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Novel laboratory works to improve population health and prepare transformational leaders


INDIANAPOLIS — A newly published paper describes and evaluates the Indiana University Center for Health Innovation and Implementation Science, a novel virtual laboratory employing the tools of implementation science to improve population health, lower costs of its delivery and prepare future health care transformational leaders.

The authors report that in the short period — less than two years — since the Indiana University School of Medicine and the Indiana Clinical Translational Science Institute launched the center it has accomplished much. It has developed a groundbreaking curriculum and is now offering the first graduate level certificate in health innovation and implementation science in the United States. It has successfully scaled up (to a statewide level with potential for greater expansion) an evidence-based collaborative care model for older adults with cognitive and emotional disorders. It has also effectively engaged and partnered with various health care systems including Indiana University Health, Eskenazi Health, and the Richard L. Roudebush VA Medical Center in a growing number of arenas related to patient care, population health and workforce transformational development.

The paper is published in English in the peer-reviewed Zeitschrift für Evidenz, Fortbildung und Qualität im Gesundheitswesen, formerly known as the German Journal for Quality in Health Care.

“The Indiana University Center for Health Innovation and Implementation Science: Bridging Healthcare Research and Delivery to Build a Learning Healthcare System” is authored by Jose Azar, M.D., assistant professor of clinical medicine at IU School of Medicine and medical director of quality and patient safety at Indiana University Health; Nadia Adams, MHA, executive director of the IU Center for Health Innovation and Implementation Science, and Malaz Boustani, M.D., MPH, chief operating officer of the IU Center for Health Innovation and Implementation Science and the Richard M. Fairbanks Professor of Aging Research at IU School of Medicine.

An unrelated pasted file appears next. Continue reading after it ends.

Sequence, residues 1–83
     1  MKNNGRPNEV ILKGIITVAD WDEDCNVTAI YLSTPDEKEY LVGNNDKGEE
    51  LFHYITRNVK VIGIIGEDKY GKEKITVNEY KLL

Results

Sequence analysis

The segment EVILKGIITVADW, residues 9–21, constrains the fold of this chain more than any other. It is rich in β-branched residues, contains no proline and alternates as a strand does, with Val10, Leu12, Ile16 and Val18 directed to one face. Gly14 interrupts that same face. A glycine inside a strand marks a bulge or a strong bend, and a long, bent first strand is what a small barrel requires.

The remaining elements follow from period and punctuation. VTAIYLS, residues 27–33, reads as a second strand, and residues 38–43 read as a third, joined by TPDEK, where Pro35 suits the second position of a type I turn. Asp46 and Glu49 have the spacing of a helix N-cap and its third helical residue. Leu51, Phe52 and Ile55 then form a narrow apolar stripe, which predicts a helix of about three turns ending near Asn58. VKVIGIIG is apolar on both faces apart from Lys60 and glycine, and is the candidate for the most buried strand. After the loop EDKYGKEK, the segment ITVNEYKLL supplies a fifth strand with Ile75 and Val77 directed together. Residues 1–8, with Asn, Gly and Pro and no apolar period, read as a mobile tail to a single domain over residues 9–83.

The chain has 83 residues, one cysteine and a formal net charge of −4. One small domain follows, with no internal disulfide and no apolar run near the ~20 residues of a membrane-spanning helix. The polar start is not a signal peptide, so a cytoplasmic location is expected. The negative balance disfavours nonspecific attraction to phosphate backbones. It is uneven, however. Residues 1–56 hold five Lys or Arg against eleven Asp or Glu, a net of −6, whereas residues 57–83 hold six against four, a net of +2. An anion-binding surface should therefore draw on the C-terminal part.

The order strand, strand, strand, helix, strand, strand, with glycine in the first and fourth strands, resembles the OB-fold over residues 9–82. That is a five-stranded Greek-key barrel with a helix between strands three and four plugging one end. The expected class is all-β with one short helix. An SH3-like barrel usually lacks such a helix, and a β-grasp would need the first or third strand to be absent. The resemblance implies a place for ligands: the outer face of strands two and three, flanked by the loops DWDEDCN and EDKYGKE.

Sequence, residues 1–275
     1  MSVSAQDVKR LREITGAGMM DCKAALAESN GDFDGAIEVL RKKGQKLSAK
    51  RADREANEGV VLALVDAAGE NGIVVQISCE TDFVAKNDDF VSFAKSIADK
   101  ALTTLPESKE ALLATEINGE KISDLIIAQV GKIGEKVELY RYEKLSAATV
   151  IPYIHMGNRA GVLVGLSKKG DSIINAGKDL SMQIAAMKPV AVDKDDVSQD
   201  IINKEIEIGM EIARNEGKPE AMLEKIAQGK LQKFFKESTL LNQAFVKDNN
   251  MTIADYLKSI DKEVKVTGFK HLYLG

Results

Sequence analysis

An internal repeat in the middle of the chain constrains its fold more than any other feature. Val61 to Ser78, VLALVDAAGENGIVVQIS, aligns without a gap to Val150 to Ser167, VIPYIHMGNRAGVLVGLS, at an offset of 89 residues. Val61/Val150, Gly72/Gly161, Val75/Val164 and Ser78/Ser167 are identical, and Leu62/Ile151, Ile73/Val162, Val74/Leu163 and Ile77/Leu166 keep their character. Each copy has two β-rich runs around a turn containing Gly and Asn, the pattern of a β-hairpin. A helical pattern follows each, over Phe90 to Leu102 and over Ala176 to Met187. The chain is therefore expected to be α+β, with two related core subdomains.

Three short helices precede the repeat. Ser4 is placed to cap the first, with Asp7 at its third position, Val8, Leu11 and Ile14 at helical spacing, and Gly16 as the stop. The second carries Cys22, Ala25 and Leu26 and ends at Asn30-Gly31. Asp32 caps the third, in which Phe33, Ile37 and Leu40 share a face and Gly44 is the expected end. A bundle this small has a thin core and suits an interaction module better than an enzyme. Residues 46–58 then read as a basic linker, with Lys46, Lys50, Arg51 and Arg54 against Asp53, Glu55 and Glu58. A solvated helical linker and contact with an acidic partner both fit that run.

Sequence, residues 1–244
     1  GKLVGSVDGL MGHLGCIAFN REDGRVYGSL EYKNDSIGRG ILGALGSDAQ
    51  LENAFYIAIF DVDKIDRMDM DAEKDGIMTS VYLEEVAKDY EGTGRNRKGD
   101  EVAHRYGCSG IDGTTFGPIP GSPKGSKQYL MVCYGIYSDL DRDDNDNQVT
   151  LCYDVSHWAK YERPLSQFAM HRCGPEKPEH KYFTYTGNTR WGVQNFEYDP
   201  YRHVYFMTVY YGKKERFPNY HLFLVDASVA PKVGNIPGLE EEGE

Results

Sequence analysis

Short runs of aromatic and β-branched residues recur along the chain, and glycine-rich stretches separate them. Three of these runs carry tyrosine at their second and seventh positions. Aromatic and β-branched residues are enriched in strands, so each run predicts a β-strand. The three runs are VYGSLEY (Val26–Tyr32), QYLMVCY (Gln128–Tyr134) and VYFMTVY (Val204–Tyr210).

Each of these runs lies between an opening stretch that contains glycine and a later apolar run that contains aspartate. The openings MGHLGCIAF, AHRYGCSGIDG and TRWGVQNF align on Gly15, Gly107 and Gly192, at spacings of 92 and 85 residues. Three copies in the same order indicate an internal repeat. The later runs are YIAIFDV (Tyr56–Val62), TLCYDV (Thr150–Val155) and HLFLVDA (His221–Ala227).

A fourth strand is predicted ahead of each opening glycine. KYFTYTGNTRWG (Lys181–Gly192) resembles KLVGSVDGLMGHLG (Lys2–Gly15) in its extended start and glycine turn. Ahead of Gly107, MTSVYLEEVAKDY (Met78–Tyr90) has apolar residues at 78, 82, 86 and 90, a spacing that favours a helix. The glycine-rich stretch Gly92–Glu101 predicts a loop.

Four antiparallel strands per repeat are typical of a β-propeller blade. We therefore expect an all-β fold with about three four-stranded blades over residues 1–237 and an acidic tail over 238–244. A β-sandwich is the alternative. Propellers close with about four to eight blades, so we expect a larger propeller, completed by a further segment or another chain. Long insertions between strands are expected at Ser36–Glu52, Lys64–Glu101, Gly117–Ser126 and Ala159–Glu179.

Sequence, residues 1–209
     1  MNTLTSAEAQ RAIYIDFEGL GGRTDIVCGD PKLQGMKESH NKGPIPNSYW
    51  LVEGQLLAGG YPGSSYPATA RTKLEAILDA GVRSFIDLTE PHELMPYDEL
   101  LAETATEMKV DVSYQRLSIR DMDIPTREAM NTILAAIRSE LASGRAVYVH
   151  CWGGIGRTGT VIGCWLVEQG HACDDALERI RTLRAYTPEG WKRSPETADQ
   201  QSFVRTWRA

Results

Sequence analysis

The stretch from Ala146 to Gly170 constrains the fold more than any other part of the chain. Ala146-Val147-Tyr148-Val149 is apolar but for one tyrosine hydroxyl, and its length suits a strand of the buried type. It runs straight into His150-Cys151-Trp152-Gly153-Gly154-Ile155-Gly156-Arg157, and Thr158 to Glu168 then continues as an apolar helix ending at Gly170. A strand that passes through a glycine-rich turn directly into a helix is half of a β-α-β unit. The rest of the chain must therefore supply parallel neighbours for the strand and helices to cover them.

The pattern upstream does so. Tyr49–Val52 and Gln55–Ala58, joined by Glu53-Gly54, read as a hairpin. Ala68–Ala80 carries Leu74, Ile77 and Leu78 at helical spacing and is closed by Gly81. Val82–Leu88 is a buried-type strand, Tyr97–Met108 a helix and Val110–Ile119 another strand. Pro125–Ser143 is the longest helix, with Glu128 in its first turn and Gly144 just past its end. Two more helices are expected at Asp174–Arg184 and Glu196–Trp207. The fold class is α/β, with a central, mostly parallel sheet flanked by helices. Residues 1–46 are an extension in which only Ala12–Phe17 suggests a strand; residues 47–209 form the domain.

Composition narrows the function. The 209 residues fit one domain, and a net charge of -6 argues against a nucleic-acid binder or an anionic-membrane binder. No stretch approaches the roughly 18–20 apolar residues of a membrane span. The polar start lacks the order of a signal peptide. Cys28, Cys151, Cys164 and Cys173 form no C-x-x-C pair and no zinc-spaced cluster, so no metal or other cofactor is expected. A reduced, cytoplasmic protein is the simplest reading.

“The IU Center for Health Innovation and Implementation Science uses implementation science methodology to shorten the translational timeline between the discovery of evidence-based clinical solutions and the implementation of such solutions into the daily operation of the current health care delivery services,” said senior author Dr. Boustani. The founder of the center, he is also associate director of the IU Center for Aging Research, a Regenstrief Institute investigator, and director of the Eskenazi Health Center Healthy Aging Brain Center.

There are no microscopes, beakers, pipettes or mass spectrometers in this revolutionary laboratory. The Center for Health Innovation and Implementation Science employs the new discipline of implementation science with the goals of improving patient care effectively and efficiently and of preparing the workforce — both clinicians and administrators — to accomplish this mission.

Implementation science focuses on developing tools, processes and strategies for rapid, efficient, and sustainable implementation of evidence-based programs and practices in the real world environments where health care is provided. Implementation science seeks to discover generalizable knowledge, scientific methodology, and reproducible approaches for the challenge of dissemination and scalability of planned and effective changes across various types of health care systems.

Both the National Institutes of Health and the Institute of Medicine have highlighted the critical need to improve the poor rate of translation of health care discoveries into daily practice.

The new paper concludes, “It is crucial to develop an agile, adaptable learning system, reaching beyond the hospital system that can provide a balance between the individual patient and population health, the hospital and home care, the expert and personal health care manager.”